How Top Performing Execs Achieve Work-Life Balance

 In Leadership

Before the holiday break I had a call with Robert Cross, professor in the management department of University of Virginia McIntire School of Commerce. First, a shout out to Ted Graham, Innovation leader at PwC, for making the intro.

For the last 20 years, Prof. Cross has been researching, teaching and consulting on applying social network (online and offline) analysis to business issues for insights and bottom-line results. He has worked with over 300 leading companies on this challenge, and written two books on the subject: Driving Results Through Social Networks and The Hidden Power of Social Networks.

It was a great call, we talked about all things networking, and after he suggested I read an HBR article he co-wrote called “A Smarter Way to Network“. I read it and found some great research on the types of networks top executives cultivate. But what I didn’t expect was insight on how to successfully achieve better work/life balance.

 

Getting Your Network Balance Right

His research shows that the executives who consistently rank in the top 20% of their companies in both performance and well-being have diverse but select networks. A summary of his results on the types of people these executives connect with is below:

CrossSummary

source: A Smarter Way to Network, Cross and Thomas

 

It is really interesting to see the importance of balance in an effective network for an executive. But what stood out for me was the last box (bottom right). Work/life balance is so hard to find as a startup exec., many say impossible. And we don’t equate being happy, to being a top performer.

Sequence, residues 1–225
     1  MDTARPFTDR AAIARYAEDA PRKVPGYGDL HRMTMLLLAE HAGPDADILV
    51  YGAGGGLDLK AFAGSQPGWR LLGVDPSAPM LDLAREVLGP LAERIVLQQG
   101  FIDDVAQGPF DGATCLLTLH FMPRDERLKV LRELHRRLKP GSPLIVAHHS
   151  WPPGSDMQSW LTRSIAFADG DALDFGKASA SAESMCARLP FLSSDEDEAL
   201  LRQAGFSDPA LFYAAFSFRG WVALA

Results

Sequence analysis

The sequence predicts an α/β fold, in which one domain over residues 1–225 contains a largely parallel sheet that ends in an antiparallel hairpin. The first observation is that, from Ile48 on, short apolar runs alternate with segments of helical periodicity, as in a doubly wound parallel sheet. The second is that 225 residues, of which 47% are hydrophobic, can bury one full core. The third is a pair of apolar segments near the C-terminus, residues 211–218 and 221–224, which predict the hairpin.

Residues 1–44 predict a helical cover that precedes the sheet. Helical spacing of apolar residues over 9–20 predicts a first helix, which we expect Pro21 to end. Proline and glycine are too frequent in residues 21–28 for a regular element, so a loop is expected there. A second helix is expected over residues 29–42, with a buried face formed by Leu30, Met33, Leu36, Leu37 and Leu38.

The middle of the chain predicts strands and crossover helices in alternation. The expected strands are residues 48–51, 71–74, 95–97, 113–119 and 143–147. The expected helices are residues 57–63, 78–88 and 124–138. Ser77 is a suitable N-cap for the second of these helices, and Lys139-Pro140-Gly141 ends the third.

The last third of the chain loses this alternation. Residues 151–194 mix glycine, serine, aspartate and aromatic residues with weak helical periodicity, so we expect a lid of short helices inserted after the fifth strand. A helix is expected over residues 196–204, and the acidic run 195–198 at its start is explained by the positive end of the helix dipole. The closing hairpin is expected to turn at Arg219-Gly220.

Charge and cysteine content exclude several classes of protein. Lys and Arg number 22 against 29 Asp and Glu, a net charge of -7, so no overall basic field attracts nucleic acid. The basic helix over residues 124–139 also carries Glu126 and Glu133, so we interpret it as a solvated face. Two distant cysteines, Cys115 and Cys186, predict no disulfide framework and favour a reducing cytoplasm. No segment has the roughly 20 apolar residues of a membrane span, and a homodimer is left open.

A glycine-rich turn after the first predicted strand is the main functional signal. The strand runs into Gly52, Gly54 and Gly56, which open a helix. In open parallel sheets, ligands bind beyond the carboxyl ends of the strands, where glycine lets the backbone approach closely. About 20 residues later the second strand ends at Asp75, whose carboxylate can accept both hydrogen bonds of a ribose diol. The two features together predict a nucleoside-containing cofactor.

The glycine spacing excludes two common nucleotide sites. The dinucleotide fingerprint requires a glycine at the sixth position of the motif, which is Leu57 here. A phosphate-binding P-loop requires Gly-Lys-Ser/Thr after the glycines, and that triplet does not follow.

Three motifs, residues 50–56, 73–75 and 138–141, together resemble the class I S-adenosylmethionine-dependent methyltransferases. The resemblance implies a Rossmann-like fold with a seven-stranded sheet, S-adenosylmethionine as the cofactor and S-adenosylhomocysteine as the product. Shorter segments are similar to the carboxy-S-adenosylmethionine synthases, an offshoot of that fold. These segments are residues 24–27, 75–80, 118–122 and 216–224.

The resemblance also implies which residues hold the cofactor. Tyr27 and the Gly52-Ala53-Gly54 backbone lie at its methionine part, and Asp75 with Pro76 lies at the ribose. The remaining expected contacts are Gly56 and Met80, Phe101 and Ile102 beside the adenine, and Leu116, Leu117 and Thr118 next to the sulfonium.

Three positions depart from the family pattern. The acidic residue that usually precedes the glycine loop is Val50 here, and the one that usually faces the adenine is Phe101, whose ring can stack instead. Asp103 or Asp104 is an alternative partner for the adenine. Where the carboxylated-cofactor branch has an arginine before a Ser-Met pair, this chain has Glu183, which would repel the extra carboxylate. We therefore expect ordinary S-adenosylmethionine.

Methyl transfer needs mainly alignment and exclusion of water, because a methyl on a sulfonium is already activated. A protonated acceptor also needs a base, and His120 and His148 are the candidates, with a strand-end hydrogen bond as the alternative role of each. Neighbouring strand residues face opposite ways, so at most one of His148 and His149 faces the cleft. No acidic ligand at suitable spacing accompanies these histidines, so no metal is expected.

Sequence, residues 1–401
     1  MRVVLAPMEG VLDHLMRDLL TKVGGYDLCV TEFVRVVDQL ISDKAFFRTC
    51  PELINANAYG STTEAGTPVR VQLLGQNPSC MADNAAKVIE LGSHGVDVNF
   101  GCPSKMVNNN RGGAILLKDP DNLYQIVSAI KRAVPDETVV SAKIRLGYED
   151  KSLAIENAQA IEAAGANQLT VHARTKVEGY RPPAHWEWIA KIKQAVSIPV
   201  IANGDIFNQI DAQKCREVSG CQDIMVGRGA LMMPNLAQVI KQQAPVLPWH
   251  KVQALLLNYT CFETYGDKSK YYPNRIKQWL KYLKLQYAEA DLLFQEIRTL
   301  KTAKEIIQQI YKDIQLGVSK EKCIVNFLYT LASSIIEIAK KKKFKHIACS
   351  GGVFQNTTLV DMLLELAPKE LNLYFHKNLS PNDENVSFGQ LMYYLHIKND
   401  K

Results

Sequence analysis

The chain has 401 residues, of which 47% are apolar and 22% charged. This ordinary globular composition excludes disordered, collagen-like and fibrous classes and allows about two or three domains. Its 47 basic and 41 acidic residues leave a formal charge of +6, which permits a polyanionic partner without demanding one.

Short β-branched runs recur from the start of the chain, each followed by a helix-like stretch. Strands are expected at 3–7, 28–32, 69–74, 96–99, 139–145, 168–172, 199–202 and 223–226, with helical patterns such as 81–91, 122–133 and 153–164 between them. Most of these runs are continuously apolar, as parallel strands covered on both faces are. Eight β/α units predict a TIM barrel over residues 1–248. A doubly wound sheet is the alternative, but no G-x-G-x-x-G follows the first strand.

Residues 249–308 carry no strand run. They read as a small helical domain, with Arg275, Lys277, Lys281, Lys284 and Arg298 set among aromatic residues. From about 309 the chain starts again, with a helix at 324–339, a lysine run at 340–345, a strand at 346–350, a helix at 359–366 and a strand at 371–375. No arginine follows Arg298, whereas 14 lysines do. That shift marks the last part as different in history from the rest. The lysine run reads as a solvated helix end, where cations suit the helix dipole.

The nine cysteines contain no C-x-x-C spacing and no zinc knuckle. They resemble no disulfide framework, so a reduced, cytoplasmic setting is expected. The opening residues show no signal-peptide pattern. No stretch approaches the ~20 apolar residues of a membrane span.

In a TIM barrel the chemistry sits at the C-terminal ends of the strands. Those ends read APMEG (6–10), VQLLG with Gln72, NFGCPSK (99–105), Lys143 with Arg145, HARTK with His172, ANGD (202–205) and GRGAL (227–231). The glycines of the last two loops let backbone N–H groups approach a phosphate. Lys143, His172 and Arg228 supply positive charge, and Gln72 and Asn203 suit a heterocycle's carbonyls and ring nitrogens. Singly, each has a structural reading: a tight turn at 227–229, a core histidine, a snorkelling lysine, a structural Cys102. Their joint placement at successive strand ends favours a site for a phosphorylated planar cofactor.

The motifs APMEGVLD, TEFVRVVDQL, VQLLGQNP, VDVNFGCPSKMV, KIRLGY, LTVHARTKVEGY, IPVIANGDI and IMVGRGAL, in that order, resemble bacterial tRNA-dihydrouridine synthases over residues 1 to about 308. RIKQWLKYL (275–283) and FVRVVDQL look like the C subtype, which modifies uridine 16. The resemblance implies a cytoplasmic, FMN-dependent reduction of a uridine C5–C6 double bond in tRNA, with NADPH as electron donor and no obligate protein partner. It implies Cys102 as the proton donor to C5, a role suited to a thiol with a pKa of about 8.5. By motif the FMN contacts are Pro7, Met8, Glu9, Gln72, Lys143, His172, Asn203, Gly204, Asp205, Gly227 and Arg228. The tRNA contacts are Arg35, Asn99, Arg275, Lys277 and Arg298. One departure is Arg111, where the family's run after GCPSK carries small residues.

However we all know the power of positive energy in the workplace. So it makes sense that associating with people in your network who are active advocates of non-work interests, can be a key to getting more balance.

The article then outlines four steps to building a better network:

Analyze – De-Layer – Diversify – Capitalize

I would like to focus on Diversify, because it applies most to the work/life balance issue.

 

Diversify Your Network Based on Shared Passions and Interests

porter-gale-outdoor-headshot1

source: forbes.com

 

Porter Gale is an author, speaker and advisor who wrote the wildly successful book “Your Network is Your Networth”. One of her most recognized best practices is to network on shared passions and interests, because it creates authentic relationships. At Nudge we believe this to be a critical element of modern networking.

Another benefit of using shared interests to connect with people, is that it aligns with Cross’ findings that work/life balance support comes from people in your network. If I look at my top 3 interests outside of family and work, they would be:

  1. Sports: particularly tennis, basketball and skiing
  2. Music: all kinds
  3. Food/Cooking

Two things immediately come to mind. I have a few of these interests covered by my immediate family and close friends, but certainly not all. I need to diversify and make sure I am connecting with people across all of these interests. The second thing is that today, I don’t proactively tag people in my network with shared interests, so I can reach out when an opportunity to engage comes up.

I wouldn’t have thought that my network could have such a big impact on helping me improve work/life balance, and that it also ties to my performance as an executive.

 

Who in your network can help you achieve better work/life balance?

 

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Co-founder and CEO of Nudge.ai, a modern sales platform that uses artificial intelligence to provide sales teams with actionable insights on their target customers. Passion for building great teams and products that help customers grow their businesses.
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